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TV Review: Netflix’s ‘The Haunting of Hill House’

An effective look at overcoming trauma, told through a sharply modern horror story

The streaming TV players are leaning hard on Halloween this year, with Hulu launching its monthly horror franchise “Into the Dark” Oct. 5 and Netflix’s “The Chilling Adventures of Sabrina” coming Oct. 26. While “Sabrina” comes pre-sold to its potential audience, tied in as it is to the “Riverdale” universe both through its source material and its creator, Roberto Aguirre-Sacasa, Netflix’s other horror series this October has fewer hooks to grab its audience, and announces its ambitions slowly.

The Haunting of Hill House,” coming to the streamer Oct. 12, is a horror series that doesn’t immediately make a case for itself; like the best of the genre, it’s slowly insinuating, building in power as it tells a story of repressed trauma and family discord. It’s an effective scare-fest that is at its best when the tale does more than jolt the viewer.

The story is told through flashbacks from an ongoing present in which the five Crane siblings all are dealing with sadness and qualms that have been with them since childhood; we see, in retrospect, the permanently marking time they spent as children living in the eerie Gothic manor Hill House. (In past tellings of this story, including the original 1959 novel by Shirley Jackson, we see only the haunting itself but not its extended aftermath.) Viewers may well be frustrated, at first, by the pace at which connections within the family reveal themselves. Each of the first four episodes tells the story of an individual sibling over the course of a full hour. the first episode, focused on Michiel Huisman’s memoirist Steven Crane, is admittedly genuinely slow going, and his story doesn’t come into focus until later. His siblings, all of whom are more interesting characters, resent Steven’s capitalizing on their family’s history by selling a book, and one about their family’s buried anguish to boot.

But those siblings — Elizabeth Reaser as a dutiful type-A mortician, Kate Siegel as a tough social worker burdened with extraordinary sensitivity, Oliver Jackson-Cohen as a winsome addict, and Victoria Pedretti as the sharpest recollector of family memory — bring a variety of experience into the show, and make it gleam with anguish and with rage. The manner in which complicated ties of loyalty and enmity come into our line of vision as we meet more of the family makes for a viewing experience that rewards attention and delivers painful insight. The episode lengths may be indulgent, but the storytelling within the episodes is sharp, effective, and fairly unadorned. By the time the four surviving siblings come together to mourn the death of the fifth of their cohort, in a bravura fifth episode that claims, and very nearly earns, a 70-minute running time, the show is probing, with acute realism and meaningful texture, what it means to be part of a family and to what one owes to those who survived the same experience.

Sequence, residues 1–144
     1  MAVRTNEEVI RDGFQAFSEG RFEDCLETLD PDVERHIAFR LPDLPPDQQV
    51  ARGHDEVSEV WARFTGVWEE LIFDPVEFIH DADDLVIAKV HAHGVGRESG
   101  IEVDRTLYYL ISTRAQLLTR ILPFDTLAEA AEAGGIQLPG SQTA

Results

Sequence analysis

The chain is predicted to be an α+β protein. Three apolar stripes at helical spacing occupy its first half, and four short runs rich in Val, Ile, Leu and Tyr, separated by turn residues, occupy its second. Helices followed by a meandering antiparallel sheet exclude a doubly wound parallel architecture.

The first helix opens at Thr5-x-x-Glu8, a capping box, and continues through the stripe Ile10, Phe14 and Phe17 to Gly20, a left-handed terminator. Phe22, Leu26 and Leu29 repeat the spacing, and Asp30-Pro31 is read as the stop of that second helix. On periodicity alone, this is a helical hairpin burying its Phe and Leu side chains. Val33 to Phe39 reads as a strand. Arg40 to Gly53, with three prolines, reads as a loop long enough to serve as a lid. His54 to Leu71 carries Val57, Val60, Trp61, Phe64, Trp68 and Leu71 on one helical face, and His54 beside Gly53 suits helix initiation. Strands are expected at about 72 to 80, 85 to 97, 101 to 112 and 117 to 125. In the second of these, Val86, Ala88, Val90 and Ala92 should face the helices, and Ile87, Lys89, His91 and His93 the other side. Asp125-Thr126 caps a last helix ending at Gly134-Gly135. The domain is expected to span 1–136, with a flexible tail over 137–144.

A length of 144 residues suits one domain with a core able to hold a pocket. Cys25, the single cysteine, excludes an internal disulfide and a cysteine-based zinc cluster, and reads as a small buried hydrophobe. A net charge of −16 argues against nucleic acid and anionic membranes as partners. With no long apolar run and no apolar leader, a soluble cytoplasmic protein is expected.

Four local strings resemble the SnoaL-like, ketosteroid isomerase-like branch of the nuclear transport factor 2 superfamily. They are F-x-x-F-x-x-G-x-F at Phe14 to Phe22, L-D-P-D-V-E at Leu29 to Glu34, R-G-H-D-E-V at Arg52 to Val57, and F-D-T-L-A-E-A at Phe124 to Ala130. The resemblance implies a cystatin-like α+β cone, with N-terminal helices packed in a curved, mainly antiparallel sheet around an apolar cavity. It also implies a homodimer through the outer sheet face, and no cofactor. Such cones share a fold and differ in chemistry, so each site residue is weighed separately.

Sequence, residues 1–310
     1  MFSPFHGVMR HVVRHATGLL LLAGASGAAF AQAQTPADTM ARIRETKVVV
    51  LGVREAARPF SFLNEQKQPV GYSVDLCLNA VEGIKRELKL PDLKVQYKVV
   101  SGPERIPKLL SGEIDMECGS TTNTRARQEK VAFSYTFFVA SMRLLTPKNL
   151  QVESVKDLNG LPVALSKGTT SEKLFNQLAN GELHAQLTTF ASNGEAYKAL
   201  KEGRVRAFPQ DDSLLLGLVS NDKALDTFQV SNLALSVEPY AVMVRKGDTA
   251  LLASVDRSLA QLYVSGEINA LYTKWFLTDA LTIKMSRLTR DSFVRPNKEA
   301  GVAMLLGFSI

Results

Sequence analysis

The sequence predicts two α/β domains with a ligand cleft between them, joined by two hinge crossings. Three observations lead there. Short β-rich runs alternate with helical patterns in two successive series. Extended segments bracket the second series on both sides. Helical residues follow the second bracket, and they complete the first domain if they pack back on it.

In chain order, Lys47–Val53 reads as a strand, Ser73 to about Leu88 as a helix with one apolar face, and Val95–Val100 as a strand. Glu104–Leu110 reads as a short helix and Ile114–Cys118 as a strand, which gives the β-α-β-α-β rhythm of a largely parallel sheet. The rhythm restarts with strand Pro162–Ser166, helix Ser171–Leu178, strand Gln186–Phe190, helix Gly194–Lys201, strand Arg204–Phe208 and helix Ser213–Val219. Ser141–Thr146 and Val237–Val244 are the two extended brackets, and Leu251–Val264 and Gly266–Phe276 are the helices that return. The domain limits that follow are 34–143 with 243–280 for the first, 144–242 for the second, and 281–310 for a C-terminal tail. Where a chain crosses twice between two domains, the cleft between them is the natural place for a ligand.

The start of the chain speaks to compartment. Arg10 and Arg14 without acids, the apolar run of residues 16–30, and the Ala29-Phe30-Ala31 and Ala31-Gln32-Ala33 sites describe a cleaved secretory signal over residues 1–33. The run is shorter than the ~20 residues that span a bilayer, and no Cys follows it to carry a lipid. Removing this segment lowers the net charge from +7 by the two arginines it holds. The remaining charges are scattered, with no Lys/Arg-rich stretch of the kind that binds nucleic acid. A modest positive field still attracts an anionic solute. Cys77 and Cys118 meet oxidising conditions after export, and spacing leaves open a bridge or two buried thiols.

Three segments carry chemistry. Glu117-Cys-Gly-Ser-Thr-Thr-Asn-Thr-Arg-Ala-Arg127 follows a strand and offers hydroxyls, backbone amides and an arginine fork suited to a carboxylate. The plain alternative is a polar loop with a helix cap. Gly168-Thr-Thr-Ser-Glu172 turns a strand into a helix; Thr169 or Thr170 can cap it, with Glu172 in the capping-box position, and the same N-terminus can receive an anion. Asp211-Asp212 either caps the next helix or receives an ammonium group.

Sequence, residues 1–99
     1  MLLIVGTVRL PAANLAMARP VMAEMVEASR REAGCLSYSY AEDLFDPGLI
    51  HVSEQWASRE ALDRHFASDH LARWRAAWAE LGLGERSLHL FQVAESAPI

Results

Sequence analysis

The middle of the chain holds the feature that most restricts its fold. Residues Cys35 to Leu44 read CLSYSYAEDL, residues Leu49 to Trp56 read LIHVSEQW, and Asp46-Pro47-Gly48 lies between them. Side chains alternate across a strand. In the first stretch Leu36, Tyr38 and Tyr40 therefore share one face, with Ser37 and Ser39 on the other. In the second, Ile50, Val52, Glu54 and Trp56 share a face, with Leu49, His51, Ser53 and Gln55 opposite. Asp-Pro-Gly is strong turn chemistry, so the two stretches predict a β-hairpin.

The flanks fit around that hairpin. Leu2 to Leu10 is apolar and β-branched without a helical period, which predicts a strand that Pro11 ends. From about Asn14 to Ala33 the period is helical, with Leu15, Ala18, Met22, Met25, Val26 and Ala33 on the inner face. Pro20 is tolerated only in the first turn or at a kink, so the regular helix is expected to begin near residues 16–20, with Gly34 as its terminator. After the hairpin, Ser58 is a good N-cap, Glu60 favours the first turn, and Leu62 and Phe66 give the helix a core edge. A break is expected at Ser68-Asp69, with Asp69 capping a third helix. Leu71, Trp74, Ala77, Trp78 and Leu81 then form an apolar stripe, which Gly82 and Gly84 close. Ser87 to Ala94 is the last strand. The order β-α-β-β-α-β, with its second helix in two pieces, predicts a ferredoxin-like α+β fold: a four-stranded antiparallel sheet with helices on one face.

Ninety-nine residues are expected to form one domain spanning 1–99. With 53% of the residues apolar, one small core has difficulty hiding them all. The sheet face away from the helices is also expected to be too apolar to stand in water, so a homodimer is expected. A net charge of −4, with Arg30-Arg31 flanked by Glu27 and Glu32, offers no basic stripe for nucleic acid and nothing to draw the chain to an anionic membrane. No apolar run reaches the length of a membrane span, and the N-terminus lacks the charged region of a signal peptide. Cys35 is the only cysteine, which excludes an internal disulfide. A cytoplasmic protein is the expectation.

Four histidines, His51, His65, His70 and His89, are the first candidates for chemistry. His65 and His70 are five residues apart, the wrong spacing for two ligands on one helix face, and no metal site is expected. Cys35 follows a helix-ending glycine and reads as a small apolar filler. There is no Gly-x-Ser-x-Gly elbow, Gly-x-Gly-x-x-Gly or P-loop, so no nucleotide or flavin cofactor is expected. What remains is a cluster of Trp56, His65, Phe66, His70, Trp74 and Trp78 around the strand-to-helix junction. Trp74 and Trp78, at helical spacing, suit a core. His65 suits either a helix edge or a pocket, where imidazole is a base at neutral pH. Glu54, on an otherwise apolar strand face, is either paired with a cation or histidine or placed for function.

This all adds up to a show that is less like horror than something else — indeed, the degree to which siblings airing their past and present frustrations with one another forms the plot of this “Haunting” makes it feel a bit like a spin on “This Is Us,” had the Pearsons grown up in a haunted house rather than Pittsburgh. But the show does an elegant job of weaving creeping dread into each character’s past through the presence of their mother (Carla Gugino), a woman seen only in flashback and alternately as warm and protective or coldly demanding and governed by mercurial moods. And, to be clear, there are scares, ones building in intensity and imagination as the show runs on. Writer/director Mike Flanagan, whose previous work includes the Stephen King adaptation “Gerald’s Game,” uses his camera effectively, in one scene showing Reaser, in the deep background, reacting in horror to something in her funeral home and then moving the camera slowly towards her as her siblings rush to join her; in an era of flashy and cheap jump scares, there’s something satisfying to the build of dread that comes when we know we’ll only see the horror when the rest of the characters do.

The most effective scare, though, may be something more elemental: The Crane siblings came through something together that they might not have been able to do solo — and then they split apart, leaving the first of their number to die to do so uncared-for and alone in her consuming memories. With brutal effectiveness, “The Haunting at Hill House” will fill viewers’ hearts with dread, not at the ghosts and apparitions that do, indeed, play a role, but at the wages of time and of pain that’d be easier shared but that’s impossible to talk about. The clever idea to widen the aperture of a horror tale — to tell the story after the haunting seems to have ceased — has given viewers a very special show, one that knows the scariest hauntings are not by ghosts but by memories.

Drama. Netflix (10 episodes, six reviewed), Fri., Oct. 12.

Executive Producers: Meredith Averill, Mike Flanagan, Justin Falvey, Darryl Frank, Trevor Macy.

Cast: Michiel Huisman, Carla Gugino, Timothy Hutton, Elizabeth Reaser, Oliver Jackson-Cohen, Henry Thomas, Kate Siegel, Victoria Pedretti, Lulu Wilson, Mckenna Grace, Paxton Singleton, Violet McGraw, Julian Hilliard.

TV Review: Netflix's 'The Haunting of Hill House'

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